Despite CRM's success in sales, marketing, and service business units, a lack of clearly defined internal strategy can seriously damage the effectiveness of an enterprise's CRM solution, according to a new report from Frost & Sullivan.
The report, Global CRM, Interactive CRM, and Mobile CRM Initiatives and Forecasts, reveals that the CRM industry generated revenues exceeding US$11 billion in 2001 and is likely to expand to almost US$36 billion by 2008.
"Customer relationship management is as much about a corporate philosophy and business strategy as it is software. It is a philosophy that places the customers' needs at the centre of business operations, and this strategy is used to increase profits by improving client acquisition and retention," explained Frost & Sullivan industry analyst Katherine Shariq.
Originally CRM was more about making customer service agents more efficient on the telephone. But it has advanced since then: now it aims to make it easier for a customer to do business with a firm by providing knowledge transfer, information sharing and, often, online self-service capabilities. Organisations must be able to provide customers with the right tools to foster healthy company/client relationships. And while many companies have implemented the technology itself, CRM solutions are often under-used internally.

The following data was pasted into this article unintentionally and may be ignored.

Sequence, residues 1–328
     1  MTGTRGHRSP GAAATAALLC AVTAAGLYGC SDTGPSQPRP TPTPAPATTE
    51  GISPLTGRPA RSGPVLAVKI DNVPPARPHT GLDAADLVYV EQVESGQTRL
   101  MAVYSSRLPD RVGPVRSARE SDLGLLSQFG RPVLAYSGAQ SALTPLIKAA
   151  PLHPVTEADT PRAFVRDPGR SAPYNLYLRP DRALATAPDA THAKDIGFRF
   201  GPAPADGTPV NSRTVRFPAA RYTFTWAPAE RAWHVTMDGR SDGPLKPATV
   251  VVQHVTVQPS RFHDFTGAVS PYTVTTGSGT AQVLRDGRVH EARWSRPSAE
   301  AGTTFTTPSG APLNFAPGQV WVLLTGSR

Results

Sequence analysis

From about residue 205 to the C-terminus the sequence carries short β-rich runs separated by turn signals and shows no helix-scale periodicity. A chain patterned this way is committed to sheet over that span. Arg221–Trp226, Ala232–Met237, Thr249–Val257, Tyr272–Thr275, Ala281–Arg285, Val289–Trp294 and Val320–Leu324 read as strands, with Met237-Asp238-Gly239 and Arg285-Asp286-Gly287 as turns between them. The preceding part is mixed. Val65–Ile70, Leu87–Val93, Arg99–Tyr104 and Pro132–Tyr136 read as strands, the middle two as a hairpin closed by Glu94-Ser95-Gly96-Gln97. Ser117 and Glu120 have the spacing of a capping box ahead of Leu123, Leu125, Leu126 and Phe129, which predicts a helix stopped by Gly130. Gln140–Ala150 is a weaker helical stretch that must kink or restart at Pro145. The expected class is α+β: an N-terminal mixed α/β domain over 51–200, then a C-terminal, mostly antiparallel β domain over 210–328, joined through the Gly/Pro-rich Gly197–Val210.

Lack of strategy
While the adoption of CRM solutions is rising at corporate level, the same cannot be said for employees' adoption of the technology, according to the report - which makes the point that effective software adoption is really an issue of employee compliance, rather than a technology issue.
Many early users viewed CRM as the solution to all of their customer problems but, with a lack of clearly defined enterprise-wide CRM strategy, this was not the case. "Companies did create the supporting internal processes that were required. Much of the success with CRM has to do with changing in-house systems more than deploying the technology," added Shariq.
To overcome this challenge, industry participants must take a more proactive role in seeking out new markets, and in educating end users about the operational strategies they need to adopt. Meeting with clients and explaining CRM's potential is essential to overall market success.